On the door to Jennifer Healy's office at Calvert Hall College High School hangs a list of famous dyslexics that includes such notables as Albert Einstein, Beethoven, Edgar Allan Poe and Winston Churchill.
A student in the school's Xavier program for students with mild learning disabilities added senior Michael A. "Mick" Soule's name to the list in the past week, said Healy, the program director.
Being in the spotlight is not a role that Soule, 18, of Baldwin, relishes. All he wants is a chance at a four-year ROTC scholarship at James Madison University in Virginia and to follow in his brothers' footsteps and become an Army officer.
But the Army turned him down, ruling he is medically disqualified from getting the ROTC scholarship because he is dyslexic. Soule, his family and Calvert Hall officials are fighting to get the Army to reverse its decision.
Experts in learning disabilities say the Army's decision reflects the public's general misunderstanding of dyslexia, a neurological disorder that impairs the ability to recognize and comprehend the written word.
They were angered at the Army's decision and its reference to Soule's learning disability as a "medical condition" and say the Army is discriminating against Soule.
J. Thomas Viall, executive director of the International Dyslexia Association, which has headquarters in Baltimore, said the Army doesn't understand dyslexia.
"The military isn't giving this young man a chance to show his ability," Viall said.
The military's attitude is part of a societal problem, he said, noting studies that have shown that nearly two-thirds of the population believe learning disabilities, such as dyslexia, are a form of mental retardation.
Nothing could be further from the truth, he said. Those with dyslexia, he and other experts say, usually have higher IQs than most people.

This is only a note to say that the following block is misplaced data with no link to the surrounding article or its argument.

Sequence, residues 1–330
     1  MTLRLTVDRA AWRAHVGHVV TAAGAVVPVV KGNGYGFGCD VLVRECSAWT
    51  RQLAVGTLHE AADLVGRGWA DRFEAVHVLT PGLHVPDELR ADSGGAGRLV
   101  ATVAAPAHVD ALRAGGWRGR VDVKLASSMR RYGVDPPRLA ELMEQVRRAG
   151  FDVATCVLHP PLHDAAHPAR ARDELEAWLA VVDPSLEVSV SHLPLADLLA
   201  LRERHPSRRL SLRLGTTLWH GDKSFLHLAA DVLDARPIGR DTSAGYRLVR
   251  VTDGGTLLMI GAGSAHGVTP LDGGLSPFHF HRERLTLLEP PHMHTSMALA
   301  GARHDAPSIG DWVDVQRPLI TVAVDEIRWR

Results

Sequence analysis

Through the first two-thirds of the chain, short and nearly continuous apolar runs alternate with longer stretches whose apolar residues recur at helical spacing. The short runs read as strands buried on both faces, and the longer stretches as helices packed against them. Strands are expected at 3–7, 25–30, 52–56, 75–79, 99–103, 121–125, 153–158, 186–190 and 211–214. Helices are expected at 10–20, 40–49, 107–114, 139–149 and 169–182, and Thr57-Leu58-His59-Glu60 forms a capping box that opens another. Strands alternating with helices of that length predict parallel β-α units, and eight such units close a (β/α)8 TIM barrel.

The association describes dyslexia as a "language-based learning disability" and "refers to a cluster of symptoms, which result in people having difficulties with specific language skills, particularly reading."
Dyslexia comes from a different wiring of the brain and is not an illness, said Roger Saunders, a clinical psychologist living in North Carolina who was a dyslexia pioneer in Baltimore for more than 40 years. He said the word dyslexia comes from the Greek language, meaning "difficulty coping with words."
Saunders said there are numerous successful dyslexics, including those in leadership roles. He pointed to Army Gen. George S. Patton Jr., a World War II hero and a dyslexic who had difficulty getting through West Point.
Teachers and administrators who know Soule praise his work ethic and diligence and say he would be an effective leader.
"His dyslexia should not interfere in any way with his ability to perform his duty in the military," said M. Bradley Rogers Jr., headmaster at the Odyssey School, which enrolls students with dyslexia.
Soule graduated from Odyssey four years ago. "Mick would make an excellent officer."
Soule has a 90.25 grade point average, is a National Honor Society member, scored 1,170 on the SAT and is a varsity athlete at the all-boys' Catholic high school in Towson.
Yet military officials said his academic performance was "irrelevant," Healy said, because he had a "history of a learning disability."
The experts disagree, saying dyslexia is not a medical issue. But the Department of Defense disqualifies applicants with dyslexia for all military service, including applicants for the service academies, under its medical standards.
Benjamin Shifrin, headmaster at the Jemicy School in Baltimore County, which caters to children with learning disabilities, called Soule's situation blatant discrimination by the military and said the military should be embarrassed.
"There is such a stigma attached to this because they are saying he has a disability," Shifrin said. "Dyslexia is not a disability. It is just a difference.
"Disability means not being able to do something. In reading, dyslexics have difficulty with the mechanics of reading, not the comprehension."
He said dyslexics comprehend above their grade level.
Shifrin said studies have shown that between 10 percent to 15 percent of the student-age population today have dyslexic-style learning differences.
"I would never have gone to college if I had allowed the prejudices of people to affect me," said Shifrin, who is dyslexic.
Calling on lawmakers
Soule's parents, Tom and Ginger, and Calvert Hall officials are hoping that U.S. Sens. Paul S. Sarbanes and Barbara A. Mikulski, both Maryland Democrats, and Reps. Wayne T. Gilchrest, a 1st District Republican, and C.A. Dutch Ruppersberger, a 2nd District Democrat, can help the teen-ager receive a medical waiver and get his scholarship.
A spokeswoman for Gilchrest said the congressman has sent a letter to Defense Secretary Donald H. Rumsfeld, requesting that the Army reconsider its decision.
"This is tragic that he was rejected for the ROTC scholarship," Shifrin said. "Would the Army have rejected Patton?"